A 4.56 m Robbins Double Shield tunnel boring machine (TBM) has been launched in Andean Mountains, Chile, where it has already completed large sections of a 12 km intake tunnel as part of the Los Condores Hydroelectric Project (HEPP).
The Los Condores HEPP, which is located 360 km south of Chile’s capital Santiago, includes the construction of a new 150 MW power plant and intake tunnel. The Robbins Double Shield TBM is boring two sections of the intake tunnel, the first measuring 6 km and the second measuring 4.4 km.
A section between the two tunnels will be excavated using the drill and blast method, connecting the tunnels and extending the overall length to approximately 12 km in length. Tunnel Production Manager Pello Idigoras from Ferrovial Agroman, who is responsible for the delivery of civil engineering works on project, said that the plant will provide much needed electricity to people across Chile.
“This project brings an increase in energy production in the country, thus contributing to the overall improvement in the welfare of its citizens,” said Mr Idigoras.
The location of the construction site – consisting of a high cover and hard rock – is no doubt the biggest challenges facing the contractors. The site has 500 m of hard rock cover and tunnelling operation are being completed some 2,500 m above sea level.
The journey to launch the machine was another difficulty, requiring shipment of the machine’s components and vehicle transport on unsealed, mountainous roads in Chile’s Maule Region. Mr Idigoras said the contractor was aware of the challenges associated with the location of the jobsite prior to the machine’s launch.
“The location of the work is a big constraint due to its rugged terrain and geographical location in the Andes. With all this, we are anxious to perform work in an efficient manner,” he said.
The TBM is boring through sedimentary and volcanic rock. The rock has been tested at strengths up to 100 MPa UCS, with at least two fault zones, the first of which has already been crossed in rhyolite, andesite, tuff, and breccia.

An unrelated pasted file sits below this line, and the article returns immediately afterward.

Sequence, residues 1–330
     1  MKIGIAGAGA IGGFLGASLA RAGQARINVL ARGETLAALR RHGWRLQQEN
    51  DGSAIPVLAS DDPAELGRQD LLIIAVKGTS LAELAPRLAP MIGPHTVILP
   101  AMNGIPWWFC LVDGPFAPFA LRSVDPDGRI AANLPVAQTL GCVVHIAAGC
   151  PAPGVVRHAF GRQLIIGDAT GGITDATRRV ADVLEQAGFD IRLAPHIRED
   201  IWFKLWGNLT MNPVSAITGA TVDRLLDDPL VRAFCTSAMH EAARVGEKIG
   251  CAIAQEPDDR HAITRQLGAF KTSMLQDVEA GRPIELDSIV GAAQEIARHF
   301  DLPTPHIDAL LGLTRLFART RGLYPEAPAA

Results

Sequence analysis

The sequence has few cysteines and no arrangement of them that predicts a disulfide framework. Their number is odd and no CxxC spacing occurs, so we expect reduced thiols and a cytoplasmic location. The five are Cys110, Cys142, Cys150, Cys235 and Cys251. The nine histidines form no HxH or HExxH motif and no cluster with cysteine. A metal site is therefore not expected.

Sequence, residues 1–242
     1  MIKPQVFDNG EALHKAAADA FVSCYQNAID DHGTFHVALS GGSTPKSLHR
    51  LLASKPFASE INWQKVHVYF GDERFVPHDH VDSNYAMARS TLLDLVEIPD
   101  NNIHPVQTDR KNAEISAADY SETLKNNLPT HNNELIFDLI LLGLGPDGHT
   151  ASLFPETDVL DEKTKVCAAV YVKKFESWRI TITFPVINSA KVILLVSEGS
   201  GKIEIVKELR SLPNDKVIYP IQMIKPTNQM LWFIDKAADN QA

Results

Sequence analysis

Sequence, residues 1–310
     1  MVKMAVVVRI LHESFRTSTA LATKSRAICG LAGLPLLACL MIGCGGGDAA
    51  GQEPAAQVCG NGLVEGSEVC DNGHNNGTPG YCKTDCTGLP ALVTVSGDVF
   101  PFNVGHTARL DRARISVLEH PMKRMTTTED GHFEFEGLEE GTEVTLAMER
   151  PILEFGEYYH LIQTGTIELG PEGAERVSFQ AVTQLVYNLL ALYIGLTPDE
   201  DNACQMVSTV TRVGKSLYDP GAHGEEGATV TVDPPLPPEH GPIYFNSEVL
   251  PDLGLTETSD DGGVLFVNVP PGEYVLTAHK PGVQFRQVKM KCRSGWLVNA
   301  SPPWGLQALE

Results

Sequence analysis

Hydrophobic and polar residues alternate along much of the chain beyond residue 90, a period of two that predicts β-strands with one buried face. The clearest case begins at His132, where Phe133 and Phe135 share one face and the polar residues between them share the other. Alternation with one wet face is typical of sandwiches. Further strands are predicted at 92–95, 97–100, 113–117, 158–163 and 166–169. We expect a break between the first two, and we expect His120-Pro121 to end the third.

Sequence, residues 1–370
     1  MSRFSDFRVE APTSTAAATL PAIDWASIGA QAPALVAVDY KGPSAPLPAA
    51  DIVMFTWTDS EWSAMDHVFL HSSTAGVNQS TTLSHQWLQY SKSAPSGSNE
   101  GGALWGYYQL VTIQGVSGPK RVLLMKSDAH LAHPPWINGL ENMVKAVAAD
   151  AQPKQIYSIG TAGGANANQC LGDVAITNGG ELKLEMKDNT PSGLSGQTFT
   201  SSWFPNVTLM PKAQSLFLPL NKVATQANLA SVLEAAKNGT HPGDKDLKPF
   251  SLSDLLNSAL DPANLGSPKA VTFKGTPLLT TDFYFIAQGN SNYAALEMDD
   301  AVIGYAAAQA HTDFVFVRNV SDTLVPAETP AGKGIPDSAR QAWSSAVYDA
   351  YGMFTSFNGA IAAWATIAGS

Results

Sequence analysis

Mr Idigoras said that, for the most part, the conditions are suited to double shield tunnelling, although there are areas of challenging ground. To cope with the conditions, which includes increasing water inflows at rates of up to 3,500 litres per minute, the contractor is using cementitious grouting and chemical grouting with polyurethane and foam.
TBM supplier Robbins had anticipated the contractor would use ground conditioning techniques, and as a result designed the machine to effectively apply such techniques.
As the TBM excavates, it is lining the tunnel with 250 mm thick, 1.2 m long concrete segments, in a four plus one arrangement, and is currently progressing at a rate of up to 1.25 rings per hour of boring. Crews are operating in two 10 hour shifts, with 4 hours per day dedicated to maintenance.
As of January 2017, the 4.56 m Robbins Double Shield TBM had completed boring on the 900 m long access tunnel, as well as having made considerable progress on the first section of the headrace tunnel. It has excavated over 1,300 m of tunnel since it was launched on 27 May 2016.
Mr Idigoras says the TBMs performance and the completion of the access tunnels are huge milestones on the project; however, there is still work to be done.
“After many months working in engineering, manufacturing, installation, and commissioning, we are proud to see this result. It would be impossible to name all the people who participated in this project thus far but they, as a whole, have managed to get the TBM started digging and boring well,” he said.
For more information visit the Robbins website.
This article was featured in the Spring 2017 edition of Trenchless International. To view the magazine on your PC, Mac, tablet, or mobile device, click here.
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